The Latest: House OKs measure condemning white nationalists

Protesters begin to march at the Durham County jail toward the site of the toppled Confederate monument on Main St., Tuesday, Sept. 12, 2017, in Durham, N.C, after a court hearing for several activists who were charged in toppling the monument. The pThe Associated Press
Protesters begin to march at the Durham County jail toward the site of the toppled Confederate monument on Main St., Tuesday, Sept. 12, 2017, in Durham, N.C, after a court hearing for several activists who were charged in toppling the monument. The protest was organized for a national week of action because Sept. 12 is also the one-month anniversary of the murder of anti-fascist protester Heather Heyer in Charlottesville, Va. (Casey Toth/The Herald-Sun via AP)

The Latest on a congressional resolution condemning white supremacists (all times local):

6:45 p.m.

The House has approved a resolution condemning white supremacists, neo-Nazis and other hate groups following a white-nationalist rally in Virginia that descended into deadly violence.

Lawmakers backed the measure by voice vote Tuesday. It now goes to President Donald Trump, who has been criticized for his response to the August incident.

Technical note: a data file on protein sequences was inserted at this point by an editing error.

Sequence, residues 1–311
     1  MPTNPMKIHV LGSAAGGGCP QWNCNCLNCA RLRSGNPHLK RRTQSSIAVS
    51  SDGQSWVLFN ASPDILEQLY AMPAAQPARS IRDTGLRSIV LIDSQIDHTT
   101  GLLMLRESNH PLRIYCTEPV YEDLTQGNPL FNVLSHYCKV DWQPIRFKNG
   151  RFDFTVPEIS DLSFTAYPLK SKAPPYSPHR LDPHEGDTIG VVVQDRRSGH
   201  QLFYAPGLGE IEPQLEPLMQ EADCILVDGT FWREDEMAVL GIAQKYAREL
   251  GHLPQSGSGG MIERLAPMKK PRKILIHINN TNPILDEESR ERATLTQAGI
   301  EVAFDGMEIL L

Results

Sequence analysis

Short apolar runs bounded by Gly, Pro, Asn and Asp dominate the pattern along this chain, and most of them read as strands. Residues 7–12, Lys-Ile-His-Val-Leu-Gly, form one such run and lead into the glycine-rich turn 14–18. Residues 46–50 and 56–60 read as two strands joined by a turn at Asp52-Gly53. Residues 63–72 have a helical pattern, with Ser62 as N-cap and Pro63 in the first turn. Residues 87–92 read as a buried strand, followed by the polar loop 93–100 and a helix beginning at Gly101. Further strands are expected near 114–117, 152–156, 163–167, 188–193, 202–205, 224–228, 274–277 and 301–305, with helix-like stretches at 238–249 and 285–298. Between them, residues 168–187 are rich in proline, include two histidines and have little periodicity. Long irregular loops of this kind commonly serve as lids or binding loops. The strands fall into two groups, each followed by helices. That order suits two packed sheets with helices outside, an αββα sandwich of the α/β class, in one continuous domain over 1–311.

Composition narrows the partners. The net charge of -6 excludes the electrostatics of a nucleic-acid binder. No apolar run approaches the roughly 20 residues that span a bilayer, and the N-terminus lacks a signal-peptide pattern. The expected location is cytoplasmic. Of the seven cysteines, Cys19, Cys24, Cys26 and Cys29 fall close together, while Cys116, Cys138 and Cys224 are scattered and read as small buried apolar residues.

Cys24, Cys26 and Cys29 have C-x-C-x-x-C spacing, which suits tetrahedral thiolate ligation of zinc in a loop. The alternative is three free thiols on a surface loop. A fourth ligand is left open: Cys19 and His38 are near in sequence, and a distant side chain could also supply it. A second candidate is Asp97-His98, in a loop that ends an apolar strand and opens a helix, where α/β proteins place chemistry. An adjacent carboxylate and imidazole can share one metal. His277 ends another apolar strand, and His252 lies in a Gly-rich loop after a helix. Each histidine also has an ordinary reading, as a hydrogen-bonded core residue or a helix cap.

The resolution describes Heather Heyer's death in Charlottesville as a "domestic terrorist attack" and acknowledges two Virginia state troopers who died in a helicopter crash while monitoring the protests.

The resolution urges Trump and his administration to speak out against hate groups that espouse racism, extremism, xenophobia, anti-Semitism and white supremacy. It also calls on federal agencies to "use all resources available" to "address the growing prevalence of those hate groups in the United States."

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11:30 a.m.

The Senate has approved a resolution condemning white supremacists, neo-Nazis and other hate groups following a white-nationalist rally in Virginia that descended into deadly violence.

Democratic Sens. Mark Warner and Tim Kaine of Virginia introduced the measure along with four colleagues from both parties. The resolution, approved unanimously Monday night, recognizes a woman who was killed and 19 other people who were injured Aug. 12 after a car allegedly driven by a neo-Nazi slammed into a crowd of demonstrators protesting the rally in Charlottesville.

The resolution describes Heather Heyer's death as a "domestic terrorist attack" and acknowledges two Virginia state troopers who died in a helicopter crash while monitoring the protests.